From the moment Zion Williamson’s left foot tore through the sole of his shoe, this became the Duke-North Carolina game no one expected, predicted or foresaw, played amid the ominous overtones of just how bad Williamson’s right knee injury might be and what not just Duke but college basketball would look like without him.
“His shoe broke,” President Obama pointed out from his seat at the opposite baseline in Cameron, and take a moment to consider the collision of circumstances that led to that sentence.
It might not be all that bad, but who really knows at this point?
“Mild knee sprain. The knee is stable. We don’t know how long he’ll be out. So that’s that,” Mike Krzyzewski said afterward.
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Williamson, Krzyzewski pointed out, slips often, perhaps a product of the inertia his mass and velocity generate. And less inertial players have blown the soles off shoes before, if not often. The combination of unusual player and unusual shoe failure, in this case, exceeded the tolerances of Williamson’s knee.
Duke might be just fine without Williamson with some time to process and adjust – it’s not like the Blue Devils are lacking in NBA-caliber talent – but the Blue Devils didn’t really regroup until halftime, not unexpectedly so, and certainly weren’t the same. North Carolina led by 10 at the half, ran the lead to 16 early in the second and kept it there through an even finish, 88-72.
For want of a shoe, and so on and so on.
Take nothing away from North Carolina, which played the way it had to play to win on a night neither team could hit a 3-pointer with any regularity, with or without Williamson, working the matchups to get big games from Luke Maye and Garrison Brooks inside, Cameron Johnson outside. But there’s no getting past what happened in the first 34 seconds, because it reverberates beyond even this rivalry.
“Be honest, everybody be honest: When the big fella goes out of the game, it changes a lot of stuff for them,” Roy Williams said, cutting to the point on a night his team went 2-for-20 from 3-point range – and won.
“Zion Williamson, I’ve never seen anything like him, and that was a huge blow for them and having that happen during the course of the game, you don’t have time to prepare for it. I hated that part of it, because I think he’s such a wonderful kid. That was a huge blow for them at that time, no question.”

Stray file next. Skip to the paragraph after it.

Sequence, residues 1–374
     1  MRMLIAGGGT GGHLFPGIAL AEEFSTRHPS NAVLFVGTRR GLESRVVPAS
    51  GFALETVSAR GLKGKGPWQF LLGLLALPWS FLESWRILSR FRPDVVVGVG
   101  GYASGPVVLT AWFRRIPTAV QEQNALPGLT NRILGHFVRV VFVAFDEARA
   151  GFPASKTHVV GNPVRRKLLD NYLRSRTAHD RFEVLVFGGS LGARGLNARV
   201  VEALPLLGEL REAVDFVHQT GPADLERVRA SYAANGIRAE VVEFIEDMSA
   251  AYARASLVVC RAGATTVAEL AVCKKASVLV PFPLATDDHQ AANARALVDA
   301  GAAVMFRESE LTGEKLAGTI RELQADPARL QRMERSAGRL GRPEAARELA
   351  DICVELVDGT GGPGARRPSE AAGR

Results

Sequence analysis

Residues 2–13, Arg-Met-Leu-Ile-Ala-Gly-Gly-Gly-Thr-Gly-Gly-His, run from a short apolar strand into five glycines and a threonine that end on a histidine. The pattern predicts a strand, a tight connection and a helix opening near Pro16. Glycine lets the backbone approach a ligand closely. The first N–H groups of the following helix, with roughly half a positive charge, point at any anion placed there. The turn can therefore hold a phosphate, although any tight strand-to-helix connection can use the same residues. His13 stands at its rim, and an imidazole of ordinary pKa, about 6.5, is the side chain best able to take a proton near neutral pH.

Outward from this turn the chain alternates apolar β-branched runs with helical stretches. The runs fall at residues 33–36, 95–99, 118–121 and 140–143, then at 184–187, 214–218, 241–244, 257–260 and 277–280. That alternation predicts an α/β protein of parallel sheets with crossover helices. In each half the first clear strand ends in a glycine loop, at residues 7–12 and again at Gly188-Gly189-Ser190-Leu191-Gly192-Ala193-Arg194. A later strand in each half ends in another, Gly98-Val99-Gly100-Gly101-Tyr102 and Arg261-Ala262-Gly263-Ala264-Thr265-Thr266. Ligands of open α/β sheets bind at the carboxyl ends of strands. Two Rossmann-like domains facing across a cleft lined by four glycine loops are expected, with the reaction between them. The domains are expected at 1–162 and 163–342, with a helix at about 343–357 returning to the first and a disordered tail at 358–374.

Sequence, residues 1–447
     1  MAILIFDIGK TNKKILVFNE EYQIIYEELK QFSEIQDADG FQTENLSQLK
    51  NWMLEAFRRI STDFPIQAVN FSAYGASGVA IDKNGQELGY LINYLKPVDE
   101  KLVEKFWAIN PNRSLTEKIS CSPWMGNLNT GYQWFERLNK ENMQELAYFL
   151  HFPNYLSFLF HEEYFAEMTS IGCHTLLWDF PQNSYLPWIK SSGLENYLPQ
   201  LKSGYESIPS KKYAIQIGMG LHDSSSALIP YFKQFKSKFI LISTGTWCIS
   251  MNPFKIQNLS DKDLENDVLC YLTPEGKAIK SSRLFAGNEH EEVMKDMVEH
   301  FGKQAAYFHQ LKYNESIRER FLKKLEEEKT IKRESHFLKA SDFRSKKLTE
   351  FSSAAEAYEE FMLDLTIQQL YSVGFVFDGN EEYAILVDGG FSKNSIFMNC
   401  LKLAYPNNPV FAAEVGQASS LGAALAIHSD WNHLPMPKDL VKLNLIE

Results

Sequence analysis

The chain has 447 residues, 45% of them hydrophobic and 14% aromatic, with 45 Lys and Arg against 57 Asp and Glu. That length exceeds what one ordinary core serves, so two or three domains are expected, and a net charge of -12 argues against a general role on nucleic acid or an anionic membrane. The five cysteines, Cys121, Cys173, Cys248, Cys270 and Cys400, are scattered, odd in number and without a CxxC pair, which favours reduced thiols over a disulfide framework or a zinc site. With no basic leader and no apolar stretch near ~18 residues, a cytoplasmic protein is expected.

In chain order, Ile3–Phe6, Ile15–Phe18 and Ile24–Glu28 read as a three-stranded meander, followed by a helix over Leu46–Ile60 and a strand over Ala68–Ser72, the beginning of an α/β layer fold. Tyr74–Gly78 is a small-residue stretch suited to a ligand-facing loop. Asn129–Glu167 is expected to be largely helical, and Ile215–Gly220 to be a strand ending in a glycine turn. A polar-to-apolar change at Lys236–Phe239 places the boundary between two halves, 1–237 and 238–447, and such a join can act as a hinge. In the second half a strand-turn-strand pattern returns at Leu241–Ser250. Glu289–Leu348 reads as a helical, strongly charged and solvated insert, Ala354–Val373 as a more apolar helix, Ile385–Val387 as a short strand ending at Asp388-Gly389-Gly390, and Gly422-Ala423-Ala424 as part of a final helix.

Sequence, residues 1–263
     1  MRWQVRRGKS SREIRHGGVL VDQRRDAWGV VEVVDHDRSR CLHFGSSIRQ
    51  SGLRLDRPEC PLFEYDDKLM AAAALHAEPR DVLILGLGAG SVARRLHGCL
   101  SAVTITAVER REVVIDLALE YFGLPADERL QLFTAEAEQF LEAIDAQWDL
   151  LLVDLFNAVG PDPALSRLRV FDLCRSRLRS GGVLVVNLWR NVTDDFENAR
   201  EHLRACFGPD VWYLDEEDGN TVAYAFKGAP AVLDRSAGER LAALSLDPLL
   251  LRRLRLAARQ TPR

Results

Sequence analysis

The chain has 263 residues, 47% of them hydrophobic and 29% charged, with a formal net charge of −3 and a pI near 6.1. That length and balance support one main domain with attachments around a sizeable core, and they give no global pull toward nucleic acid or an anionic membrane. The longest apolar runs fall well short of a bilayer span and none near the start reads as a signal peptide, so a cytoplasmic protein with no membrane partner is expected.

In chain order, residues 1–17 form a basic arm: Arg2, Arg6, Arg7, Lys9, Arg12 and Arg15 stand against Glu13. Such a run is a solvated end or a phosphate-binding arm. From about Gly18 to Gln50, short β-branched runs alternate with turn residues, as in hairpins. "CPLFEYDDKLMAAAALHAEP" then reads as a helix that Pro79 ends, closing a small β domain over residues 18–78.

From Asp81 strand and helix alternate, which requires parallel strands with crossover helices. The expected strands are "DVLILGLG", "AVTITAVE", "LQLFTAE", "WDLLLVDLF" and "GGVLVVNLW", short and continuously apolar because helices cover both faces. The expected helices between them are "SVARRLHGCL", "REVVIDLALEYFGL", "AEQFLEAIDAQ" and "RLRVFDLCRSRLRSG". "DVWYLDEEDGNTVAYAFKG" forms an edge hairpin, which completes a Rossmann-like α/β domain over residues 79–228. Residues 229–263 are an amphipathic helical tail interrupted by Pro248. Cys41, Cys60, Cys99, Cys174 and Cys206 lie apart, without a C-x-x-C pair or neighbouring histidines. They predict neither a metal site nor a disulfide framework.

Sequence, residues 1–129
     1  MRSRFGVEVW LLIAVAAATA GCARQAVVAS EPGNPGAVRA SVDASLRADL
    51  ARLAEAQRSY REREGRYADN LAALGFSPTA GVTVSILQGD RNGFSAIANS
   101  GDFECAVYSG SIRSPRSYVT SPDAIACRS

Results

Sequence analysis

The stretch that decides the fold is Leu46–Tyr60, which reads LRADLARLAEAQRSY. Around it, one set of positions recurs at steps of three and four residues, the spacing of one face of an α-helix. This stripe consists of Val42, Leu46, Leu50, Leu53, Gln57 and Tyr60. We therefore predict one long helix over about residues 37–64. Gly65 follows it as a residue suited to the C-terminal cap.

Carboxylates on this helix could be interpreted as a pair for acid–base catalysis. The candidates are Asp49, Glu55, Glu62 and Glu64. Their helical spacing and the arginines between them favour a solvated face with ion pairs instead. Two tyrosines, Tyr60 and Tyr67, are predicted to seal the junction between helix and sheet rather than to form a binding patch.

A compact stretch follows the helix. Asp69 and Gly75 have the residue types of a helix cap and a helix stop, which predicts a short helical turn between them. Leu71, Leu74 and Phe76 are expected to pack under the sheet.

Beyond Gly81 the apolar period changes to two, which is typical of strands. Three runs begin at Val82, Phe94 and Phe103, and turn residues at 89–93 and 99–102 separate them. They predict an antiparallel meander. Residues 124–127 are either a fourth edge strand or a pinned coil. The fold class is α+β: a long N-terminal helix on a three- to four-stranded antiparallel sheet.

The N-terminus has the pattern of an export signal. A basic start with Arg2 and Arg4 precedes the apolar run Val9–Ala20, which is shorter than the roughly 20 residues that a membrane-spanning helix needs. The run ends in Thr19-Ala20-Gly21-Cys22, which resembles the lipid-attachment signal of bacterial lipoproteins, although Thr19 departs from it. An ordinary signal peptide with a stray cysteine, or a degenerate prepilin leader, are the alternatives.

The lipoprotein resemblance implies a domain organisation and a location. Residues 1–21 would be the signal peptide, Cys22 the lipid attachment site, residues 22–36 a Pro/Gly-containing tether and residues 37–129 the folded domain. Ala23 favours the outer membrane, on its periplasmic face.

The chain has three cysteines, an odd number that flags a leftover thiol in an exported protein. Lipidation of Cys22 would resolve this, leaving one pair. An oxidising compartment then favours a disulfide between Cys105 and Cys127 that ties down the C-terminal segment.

Ignore for a moment the manufactured buzz about how much a ticket cost on the secondary market Wednesday night; it costs that much to see UNC play at Duke whether it’s Williamson or William Avery playing for Duke. That’s just how Cameron is. (Caveat: Barack Obama and Spike Lee? That is a little different.)
And sure, Williamson getting hurt while blowing through a shoe that comes to Duke via a Nike deal that players like Williamson make almost infinitely valuable but don’t see a penny from is indeed yet another example of the gross inequities of the college-athletic-industrial complex, but there are a million such examples of how a scholarship is penny-ante compensation for the revenue they generate.
It doesn’t take the most magnetic and enthralling player in the country suffering a bizarre injury in the first minute of the most anticipated game of the season to drive that home. A simple walk across Duke’s athletic campus, replete with state-of-the-art stadiums and training facilities for every sport that almost still smell of new paint does just as well as an example.
Nor should this strengthen the Scottie Pippen argument that Williamson should shut it down and wait for the draft. No one would begrudge him if he did, but Williamson wants to be here, wants to be a part of this team – and that’s his choice in the end. He doesn’t have a lot of control over his situation, but he does control that. It’s up to him.
So none of that is really the point in this specific instance, even if it’s all worth making at any time. We enjoy college sports despite the inherent economic injustice, some of us with more self-doubt than others, and if the NBA (and its union) are going to force basketball players to do this one-year unpaid internship we might as well make the most of seeing a phenomenon like Williamson up close. However long it does or doesn’t last.
Even the North Carolina players wanted him in this game, wanted to get Duke at its best. His absence doesn’t devalue they way they played, but they wanted their shot at Zion, too.
“I’m praying for him, by the way,” said Seventh Woods, a surprise UNC star off the bench. “Me being a competitor, I kind of wish he was there, just so we could get it out the way really. He’s got a chance to come back to Carolina. Hopefully he’s back.”
The concern, after Williamson left for the locker room and trainer Jose Fonseca came to get his stepfather out of the stands behind the Duke bench, is that he won’t be back. That this crazy Zion wave may have crested too soon, just as Main Street was coming to the awakening that there was really something special going on here, with a player whose charisma is sublime as his basketball ability.
There is an ecumenical pleasure in watching Williamson, the sense of seeing something unique and special whether you were a fan of Duke or anyone else or merely college basketball, and it’s impossible to know at this point whether that’s been lost or not.
It’s impossible not to wonder.